This year, just like every other, an email is showing up in students’ inboxes about the National Survey of Student Engagement.
The National Survey of Student Engagement (NSSE) is a national survey for improving the undergraduate education system. The NSSE asks incoming freshmen and graduating seniors about their experiences during their first and final years in the universities.
Northern Kentucky University uses this data to investigate the level of student engagement for the freshmen and senior classes. NKU has participated in this national survey since 2001 as part of the Kentucky System Consortium which consists of eight public universities in Kentucky.
This year, the National Survey of Student Engagement is given during the spring semester.
“Students get emails to respond to the NSSE, this email is sent throughout the spring semester,” said Shawn Rainey, associate director of assessment at NKU.
According to Rainey, the first email was sent on Feb. 8, and that two more emails that will encourage students to participate are planned to be sent on March 14 and 22. “The last email will be sent by the end of April right before finals week,” Rainey said. “After we get the results, we can look at the data and then do a focus group, if we want to be more detailed.”
The NSSE explores student engagement from two perspectives: what students do and what institutions do. Research shows that the types of educationally purposeful activities that students engage in can positively influence their academic achievements. The NSSE also examines how institutions guide students towards these educationally purposeful activities.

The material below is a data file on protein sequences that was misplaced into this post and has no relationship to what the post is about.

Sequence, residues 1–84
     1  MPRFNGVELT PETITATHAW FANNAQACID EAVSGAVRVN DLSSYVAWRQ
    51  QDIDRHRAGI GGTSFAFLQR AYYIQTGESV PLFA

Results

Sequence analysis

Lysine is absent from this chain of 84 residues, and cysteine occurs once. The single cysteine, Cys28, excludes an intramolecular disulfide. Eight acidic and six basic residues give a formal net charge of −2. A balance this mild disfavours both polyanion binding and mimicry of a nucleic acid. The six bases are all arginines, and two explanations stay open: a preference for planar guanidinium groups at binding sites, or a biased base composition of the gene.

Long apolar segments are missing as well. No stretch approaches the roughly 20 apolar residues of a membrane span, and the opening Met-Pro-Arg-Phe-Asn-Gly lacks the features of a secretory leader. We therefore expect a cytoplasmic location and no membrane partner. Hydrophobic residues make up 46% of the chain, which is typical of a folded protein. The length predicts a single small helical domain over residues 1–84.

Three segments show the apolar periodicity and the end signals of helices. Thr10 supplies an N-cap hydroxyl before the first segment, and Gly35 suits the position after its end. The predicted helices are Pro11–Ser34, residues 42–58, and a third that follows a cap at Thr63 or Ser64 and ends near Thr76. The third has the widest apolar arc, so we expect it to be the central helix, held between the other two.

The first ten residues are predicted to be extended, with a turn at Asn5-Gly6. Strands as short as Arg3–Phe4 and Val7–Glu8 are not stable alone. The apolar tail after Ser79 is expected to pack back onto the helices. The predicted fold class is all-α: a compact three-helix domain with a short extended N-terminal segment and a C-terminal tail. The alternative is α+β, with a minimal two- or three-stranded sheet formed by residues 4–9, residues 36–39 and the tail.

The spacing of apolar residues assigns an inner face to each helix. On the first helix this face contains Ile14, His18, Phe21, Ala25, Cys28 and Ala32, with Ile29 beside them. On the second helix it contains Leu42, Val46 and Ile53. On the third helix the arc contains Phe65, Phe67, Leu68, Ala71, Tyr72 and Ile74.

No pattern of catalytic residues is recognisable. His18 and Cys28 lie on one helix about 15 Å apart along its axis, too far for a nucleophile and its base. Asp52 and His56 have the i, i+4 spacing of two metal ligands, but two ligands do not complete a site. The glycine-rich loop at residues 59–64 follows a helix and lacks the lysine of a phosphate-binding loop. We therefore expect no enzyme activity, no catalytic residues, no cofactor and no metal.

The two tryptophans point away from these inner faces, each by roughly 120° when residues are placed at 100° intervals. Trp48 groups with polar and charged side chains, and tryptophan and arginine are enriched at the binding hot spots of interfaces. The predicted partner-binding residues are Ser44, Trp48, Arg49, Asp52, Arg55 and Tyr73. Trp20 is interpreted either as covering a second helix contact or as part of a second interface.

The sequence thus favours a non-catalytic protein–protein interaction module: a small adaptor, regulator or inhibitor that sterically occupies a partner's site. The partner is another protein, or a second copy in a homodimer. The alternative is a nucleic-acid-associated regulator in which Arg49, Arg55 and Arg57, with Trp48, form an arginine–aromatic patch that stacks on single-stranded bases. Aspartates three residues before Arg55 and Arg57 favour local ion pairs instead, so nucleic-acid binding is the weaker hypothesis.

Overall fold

Although this survey has a lot of potential to create good educational policies and practices, the response rate is low. The last survey had a response rate of 40 percent, and the response for this survey is projected to be between 30-40 percent.
“It looks interesting, but I haven’t heard about it before,” senior political science major Bridget Bratton said while looking at NKU’s National Survey of Student Engagement website.
“To encourage students to reply to the survey, we put posters up in buildings across campus, because we were afraid that if we just sent out emails they would have been deleted automatically,” Rainey said.
Bratton and Seulgi Lee, a freshman pre-nursing major, both said they agree with the aim of NSSE, and they think the survey would be useful for the school when they’re trying to supervise students.
“NKU could use this data more actively to help students get a job and have a better campus life,” Bratton said. “As a senior my perception is that I’m getting a useful education, but it’s hard to say how that will actually translate into getting a job because the job market is so unstable. I definitely think that using this survey can help NKU prepare its students for the future.”
“NSSE is such a wonderful tool to improve the academic condition of the university,” Lee said. “Personally, I always wanted to have some kind of mechanism which lets me communicate with the school as to what has to be changed or what is needed to offer a better condition for students … This program will be doing students good if they give us some kind of feedback via email or bulletin board about how they will reflect students’ opinions on their new year budget or policy.”